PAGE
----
Tips on Data Quality Management

All industries rely on data to make critical decisions, but data is only as good as its quality and relevance. Data quality is an internal company decision regarding company-wide data requirements, the person or department in charge of setting the requirements and designating the level of compliance necessary to meet the desired requirements. Data quality management is the process of oversight and accountability set in place to ensure that the desired level of quality is met and how to correct imbalances.

There are four pillars of data quality management:

1. Data Profiling

This is the starting point for data quality management. It entails looking at the quality of existing data, evaluating it and identifying problems in order to devise the standards of conformity set for data quality in the future. Problems might include data accuracy, duplication, relevance and level of completeness.

2. Data Quality

This part of the process consists of taking the information gleaned in the data profiling process and devising solutions. An example of this would be identifying a problem associated with duplication of data and data redundancy, then developing measures to counteract that problem in the future.

3. Data Integration

Data integration involves taking multiple files that contain the same information and finding ways to integrate those files so that they’re contained in one single, viewable database, while still maintaining their original placement. An example of this might be sales information about a single client that exists in both a regional sales and vendor files.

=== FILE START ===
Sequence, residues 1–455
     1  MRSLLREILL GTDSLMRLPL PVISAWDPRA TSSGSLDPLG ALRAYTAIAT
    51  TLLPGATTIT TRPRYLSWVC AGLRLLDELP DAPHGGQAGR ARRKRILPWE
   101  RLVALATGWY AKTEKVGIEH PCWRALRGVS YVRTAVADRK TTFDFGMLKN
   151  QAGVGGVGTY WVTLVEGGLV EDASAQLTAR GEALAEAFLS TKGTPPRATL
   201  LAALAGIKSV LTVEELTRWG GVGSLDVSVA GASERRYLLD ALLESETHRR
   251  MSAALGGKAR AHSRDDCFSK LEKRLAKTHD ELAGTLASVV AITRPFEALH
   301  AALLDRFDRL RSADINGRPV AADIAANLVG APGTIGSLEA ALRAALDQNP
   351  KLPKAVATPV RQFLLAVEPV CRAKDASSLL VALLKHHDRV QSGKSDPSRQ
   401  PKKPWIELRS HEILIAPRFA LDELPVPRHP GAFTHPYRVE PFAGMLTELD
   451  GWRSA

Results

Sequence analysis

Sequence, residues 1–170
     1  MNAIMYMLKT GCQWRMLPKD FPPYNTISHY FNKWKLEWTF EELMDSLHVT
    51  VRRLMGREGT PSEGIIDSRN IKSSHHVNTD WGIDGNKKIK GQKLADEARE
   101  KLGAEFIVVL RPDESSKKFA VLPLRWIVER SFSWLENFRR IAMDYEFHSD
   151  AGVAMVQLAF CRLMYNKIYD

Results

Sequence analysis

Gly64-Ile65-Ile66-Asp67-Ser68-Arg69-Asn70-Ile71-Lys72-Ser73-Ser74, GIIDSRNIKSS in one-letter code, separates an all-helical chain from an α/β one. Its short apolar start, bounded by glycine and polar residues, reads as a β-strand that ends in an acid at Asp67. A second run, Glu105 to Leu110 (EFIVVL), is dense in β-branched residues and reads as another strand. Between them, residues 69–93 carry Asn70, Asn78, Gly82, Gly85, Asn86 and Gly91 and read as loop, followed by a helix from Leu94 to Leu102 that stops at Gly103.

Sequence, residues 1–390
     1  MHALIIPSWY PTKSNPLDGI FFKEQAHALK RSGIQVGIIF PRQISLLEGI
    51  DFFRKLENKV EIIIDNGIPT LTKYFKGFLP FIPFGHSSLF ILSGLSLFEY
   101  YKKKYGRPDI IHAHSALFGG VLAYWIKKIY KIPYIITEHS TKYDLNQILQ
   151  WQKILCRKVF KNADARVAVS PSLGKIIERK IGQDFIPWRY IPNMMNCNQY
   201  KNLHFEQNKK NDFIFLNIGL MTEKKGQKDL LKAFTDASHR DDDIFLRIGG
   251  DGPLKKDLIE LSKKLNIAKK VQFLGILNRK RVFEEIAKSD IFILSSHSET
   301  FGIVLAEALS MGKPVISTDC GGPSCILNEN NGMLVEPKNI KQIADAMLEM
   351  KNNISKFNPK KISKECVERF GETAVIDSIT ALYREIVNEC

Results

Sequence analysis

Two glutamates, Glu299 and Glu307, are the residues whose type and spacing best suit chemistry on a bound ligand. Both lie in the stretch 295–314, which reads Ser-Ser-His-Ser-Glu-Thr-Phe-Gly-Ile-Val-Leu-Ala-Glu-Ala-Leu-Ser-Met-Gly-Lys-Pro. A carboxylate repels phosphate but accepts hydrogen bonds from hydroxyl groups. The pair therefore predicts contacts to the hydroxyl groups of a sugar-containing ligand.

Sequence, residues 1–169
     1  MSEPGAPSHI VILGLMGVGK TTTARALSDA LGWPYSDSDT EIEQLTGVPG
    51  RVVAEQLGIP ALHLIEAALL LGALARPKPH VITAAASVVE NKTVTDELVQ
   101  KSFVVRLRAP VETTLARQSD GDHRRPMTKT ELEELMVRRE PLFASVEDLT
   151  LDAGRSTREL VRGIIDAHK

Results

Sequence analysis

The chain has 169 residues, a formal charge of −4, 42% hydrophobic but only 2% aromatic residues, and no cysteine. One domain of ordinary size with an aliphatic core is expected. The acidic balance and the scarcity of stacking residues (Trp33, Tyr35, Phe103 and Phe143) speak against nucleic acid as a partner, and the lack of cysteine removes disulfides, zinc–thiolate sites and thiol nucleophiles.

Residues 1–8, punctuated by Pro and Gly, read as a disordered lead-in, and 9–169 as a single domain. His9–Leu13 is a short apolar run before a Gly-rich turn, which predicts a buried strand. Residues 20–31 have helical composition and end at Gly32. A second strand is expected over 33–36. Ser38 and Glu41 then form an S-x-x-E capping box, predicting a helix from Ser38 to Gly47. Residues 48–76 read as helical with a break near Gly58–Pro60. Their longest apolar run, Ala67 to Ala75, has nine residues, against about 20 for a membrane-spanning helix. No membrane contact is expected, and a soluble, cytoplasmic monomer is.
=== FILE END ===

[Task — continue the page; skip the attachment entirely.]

4. Data Augmentation

This step involves adding information to the existing data in order to further classify it or provide clarity. An example of this might be supplying additional product information or providing more detailed customer address and identification data.

Once you have data quality measures in place, it’s good to have a secure, accessible database storage solution. Data management services provide a high-quality and secure means of housing your data without the necessity for investing in the time and space requirements of constructing a data centre in-house. The advantages to your business are:

Higher security
Flexible locations in temperature-controlled facilities
The latest available technology without the necessity for attending to upgrades yourself
The expense of maintenance and upkeep responsibility lies with the service provider, including protection against power outages and data loss

This frees up data mangers to concentrate in the quality of the information instead of on data storage and access feasibility problems.